I came across an interesting Microsoft Support article on heap performance counters. Apparently there is a registry setting that enables heap counters on Perfmon. This allows users to profile various aspect of heaps in a process.
Perfmon.exe displays these counters when the following registry key is set:
One of the counter that caught my attention is Heap Lock Contention, which is the number of collisions per sec on the heap lock. I learned of heap contention awhile ago from Windows via C/C++, but I have never been able measure it.
In 2009, I wrote some test code to benchmark Low Fragmentation Heap (LFH). Recall that the original test is single-threaded program that randomly allocates and deallocates various size buffers a number of times.
With minor touch-ups, I customized the test code to run with two threads in parallel. So I kicked off the modified test and added a Heap Lock Contention counter on the main process heap.
The lock contention counter gathered some very interesting results. The test program with default allocator generated about 15 collision per second on the heap lock.
I re-ran the test program to use LFH allocator (switchable through a command line argument). The LFH allocator results in 50% less contention compare to the default allocator in Window XP.
I could not get this counter to work properly under Window 7. Microsoft mentioned that only Windows Server 2003, Windows Vista, and Windows Server 2008 are enhanced.
If heap lock contention is a problem, Windows via C/C++ recommends to create a separate heap for allocation intensive classes with a custom new/delete operator.
LFH outperforms the default allocator under Window XP. The heap contention counter confirms my original test result in 2009.
Tools: Visual Studio 2008 (VC9), Boost 1.45, Window XP SP3 (32 bit)
Recently, I have been playing around with reader-writer (RW) locks. I have never encountered RW locks in practice, but I have read that they could be inefficient in practice, and often results in more harm than good.
Recall that traditional mutex ensures that only one thread may enter a critical region. But if the critical region is being written infrequently, it is possible to exploit this concurrency by allowing multiple reader with RW locks.
So when exactly should RW lock be used in place of traditional mutex? To answer this question, I wrote a benchmark program to understand the scalability of RW locks.
Boost shared_mutex Benchmark
Since C++ is my primary programming language at work, I started by picking on shared_mutex of the Boost threading library.
In my benchmark, I focus primarily on two variables – the writer frequency, and the hold time of the mutex.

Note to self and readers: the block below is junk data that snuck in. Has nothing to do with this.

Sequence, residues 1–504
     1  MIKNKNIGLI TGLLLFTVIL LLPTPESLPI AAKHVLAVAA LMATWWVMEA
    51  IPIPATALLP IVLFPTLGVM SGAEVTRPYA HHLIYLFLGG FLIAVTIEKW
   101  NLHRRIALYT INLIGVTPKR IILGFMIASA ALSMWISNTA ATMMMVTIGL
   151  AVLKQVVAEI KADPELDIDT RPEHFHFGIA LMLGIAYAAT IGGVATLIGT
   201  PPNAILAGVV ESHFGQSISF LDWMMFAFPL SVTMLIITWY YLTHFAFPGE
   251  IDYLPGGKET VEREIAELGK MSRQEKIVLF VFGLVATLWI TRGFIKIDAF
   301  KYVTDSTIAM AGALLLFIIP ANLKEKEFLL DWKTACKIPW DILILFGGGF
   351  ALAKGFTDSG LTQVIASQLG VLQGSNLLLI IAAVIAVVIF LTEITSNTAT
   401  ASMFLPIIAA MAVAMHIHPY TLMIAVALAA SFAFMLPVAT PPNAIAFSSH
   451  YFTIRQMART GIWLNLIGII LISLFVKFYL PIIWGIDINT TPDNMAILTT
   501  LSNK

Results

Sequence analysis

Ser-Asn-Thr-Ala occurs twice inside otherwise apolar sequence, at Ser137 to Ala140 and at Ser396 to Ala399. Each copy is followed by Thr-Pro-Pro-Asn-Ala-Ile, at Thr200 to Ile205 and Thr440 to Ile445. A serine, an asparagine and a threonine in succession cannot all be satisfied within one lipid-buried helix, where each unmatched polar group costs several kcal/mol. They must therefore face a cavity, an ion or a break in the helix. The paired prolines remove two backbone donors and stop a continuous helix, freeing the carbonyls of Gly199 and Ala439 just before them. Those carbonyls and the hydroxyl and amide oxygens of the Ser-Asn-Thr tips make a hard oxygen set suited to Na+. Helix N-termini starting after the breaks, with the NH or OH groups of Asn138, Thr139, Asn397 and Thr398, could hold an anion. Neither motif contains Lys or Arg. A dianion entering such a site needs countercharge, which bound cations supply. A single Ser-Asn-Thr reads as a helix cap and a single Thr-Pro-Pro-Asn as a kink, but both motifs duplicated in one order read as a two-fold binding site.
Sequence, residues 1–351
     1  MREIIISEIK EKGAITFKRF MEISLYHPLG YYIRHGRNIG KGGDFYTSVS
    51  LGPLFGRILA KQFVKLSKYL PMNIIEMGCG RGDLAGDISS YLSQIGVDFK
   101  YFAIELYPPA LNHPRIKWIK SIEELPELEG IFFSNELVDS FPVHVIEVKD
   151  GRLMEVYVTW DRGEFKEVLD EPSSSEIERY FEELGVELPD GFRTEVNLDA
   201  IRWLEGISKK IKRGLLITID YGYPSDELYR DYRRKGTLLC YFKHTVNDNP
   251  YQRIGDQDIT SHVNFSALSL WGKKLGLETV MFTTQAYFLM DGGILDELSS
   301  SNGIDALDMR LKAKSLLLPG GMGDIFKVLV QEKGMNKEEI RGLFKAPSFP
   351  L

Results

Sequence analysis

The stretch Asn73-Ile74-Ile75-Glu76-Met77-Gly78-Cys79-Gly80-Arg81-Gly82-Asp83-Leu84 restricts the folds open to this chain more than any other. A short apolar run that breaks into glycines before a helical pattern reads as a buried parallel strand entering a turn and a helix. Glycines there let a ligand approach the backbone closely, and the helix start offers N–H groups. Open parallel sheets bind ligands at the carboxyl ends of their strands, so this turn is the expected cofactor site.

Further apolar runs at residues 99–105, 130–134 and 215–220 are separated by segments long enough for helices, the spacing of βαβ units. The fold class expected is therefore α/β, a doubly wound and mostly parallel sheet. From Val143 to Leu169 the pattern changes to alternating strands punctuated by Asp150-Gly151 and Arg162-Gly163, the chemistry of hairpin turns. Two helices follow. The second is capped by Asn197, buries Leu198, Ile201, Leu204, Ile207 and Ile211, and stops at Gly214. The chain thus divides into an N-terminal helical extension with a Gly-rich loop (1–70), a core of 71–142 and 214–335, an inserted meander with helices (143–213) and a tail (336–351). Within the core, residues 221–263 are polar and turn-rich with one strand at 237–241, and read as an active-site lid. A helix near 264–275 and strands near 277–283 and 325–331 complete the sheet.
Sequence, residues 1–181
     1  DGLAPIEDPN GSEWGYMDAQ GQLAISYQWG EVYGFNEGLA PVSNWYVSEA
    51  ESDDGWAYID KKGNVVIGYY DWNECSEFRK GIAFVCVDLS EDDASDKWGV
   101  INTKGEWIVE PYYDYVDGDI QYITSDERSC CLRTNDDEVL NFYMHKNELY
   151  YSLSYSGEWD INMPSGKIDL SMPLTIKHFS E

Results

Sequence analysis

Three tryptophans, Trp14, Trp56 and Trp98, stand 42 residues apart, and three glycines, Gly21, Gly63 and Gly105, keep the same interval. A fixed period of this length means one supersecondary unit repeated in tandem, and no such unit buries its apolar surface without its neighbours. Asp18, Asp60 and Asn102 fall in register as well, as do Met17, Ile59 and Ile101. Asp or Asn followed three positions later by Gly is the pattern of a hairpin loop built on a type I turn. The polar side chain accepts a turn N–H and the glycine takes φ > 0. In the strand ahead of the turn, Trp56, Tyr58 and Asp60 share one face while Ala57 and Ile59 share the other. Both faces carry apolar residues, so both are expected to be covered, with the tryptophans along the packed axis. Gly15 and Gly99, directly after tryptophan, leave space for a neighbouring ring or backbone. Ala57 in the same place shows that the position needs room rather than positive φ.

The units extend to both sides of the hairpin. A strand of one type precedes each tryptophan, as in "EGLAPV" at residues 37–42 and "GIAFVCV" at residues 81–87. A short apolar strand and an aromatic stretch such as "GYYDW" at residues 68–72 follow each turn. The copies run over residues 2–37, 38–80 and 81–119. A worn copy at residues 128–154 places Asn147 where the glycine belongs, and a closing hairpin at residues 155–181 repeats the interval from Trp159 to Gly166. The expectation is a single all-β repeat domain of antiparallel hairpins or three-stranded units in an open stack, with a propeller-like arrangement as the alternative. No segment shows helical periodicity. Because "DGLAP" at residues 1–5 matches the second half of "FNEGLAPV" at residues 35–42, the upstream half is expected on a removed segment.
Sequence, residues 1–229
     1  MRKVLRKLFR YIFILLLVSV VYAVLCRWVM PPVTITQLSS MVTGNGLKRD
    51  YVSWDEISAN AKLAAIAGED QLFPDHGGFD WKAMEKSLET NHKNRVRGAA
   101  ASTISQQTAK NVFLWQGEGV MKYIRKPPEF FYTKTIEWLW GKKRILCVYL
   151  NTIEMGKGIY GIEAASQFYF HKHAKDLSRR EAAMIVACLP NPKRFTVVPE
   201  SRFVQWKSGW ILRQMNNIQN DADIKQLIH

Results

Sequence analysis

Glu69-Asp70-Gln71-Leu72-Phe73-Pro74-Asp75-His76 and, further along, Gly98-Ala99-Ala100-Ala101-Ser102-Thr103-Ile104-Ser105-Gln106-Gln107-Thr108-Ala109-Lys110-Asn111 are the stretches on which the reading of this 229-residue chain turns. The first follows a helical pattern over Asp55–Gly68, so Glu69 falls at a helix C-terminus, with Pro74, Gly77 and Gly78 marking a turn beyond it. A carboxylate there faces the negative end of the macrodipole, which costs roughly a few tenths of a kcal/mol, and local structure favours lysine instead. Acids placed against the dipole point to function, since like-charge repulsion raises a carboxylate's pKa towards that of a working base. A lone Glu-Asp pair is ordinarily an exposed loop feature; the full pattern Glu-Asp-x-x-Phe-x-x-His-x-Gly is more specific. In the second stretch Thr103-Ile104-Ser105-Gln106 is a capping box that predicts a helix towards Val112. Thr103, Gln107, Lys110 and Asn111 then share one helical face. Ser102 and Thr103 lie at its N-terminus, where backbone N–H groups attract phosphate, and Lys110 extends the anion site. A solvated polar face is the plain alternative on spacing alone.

For implementation, there are 4 worker threads (for my quad-core CPU) working with a critical region that approximate e. At each iteration, one of the threads has a certain probability to become a writer. My goal is to see the performance change as the writing frequency increases.
And to control the hold time of the mutex, each thread will performs a certain number of iterations called E. As E becomes larger, the hold time of the mutex increases.
At E = 1, even when there are zero contention, the overhead completely wipes out any performance gain of the concurrent readers.
At E = 50, the longer hold time pays off slightly under low contention. However, the performance degrades rapidly as contention increases.
As you can see, the results are very disappointing. Boost shared_mutex only offers performance gain under extremely low contention with large hold time. The large hold time is unrealistic in practice because most programmers are taught to minimize their critical region.
I was curious to see if SRW performs any better, so I added SRW into my benchmark.
Although SRW offers similar scalability compare to boost shared_mutex, it has lower overhead, outperforms boost shared_mutex in almost all cases.
After looking into the implementation of boost shared_mutex, I realize that its lock-free algorithm is complex and tracks many states. This implementation has so much overhead that it is impractical.
SRW offers has far lower overhead, and can be useful under low contention. Unfortunately, it is only available for Vista and beyond.
Neither mutex type offer real performance advantage when contention goes beyond 2%. Somehow, I speculate that Amdahl’s Law is playing a part here. The chart looks very much like the inverse of speedup graph I plotted last year.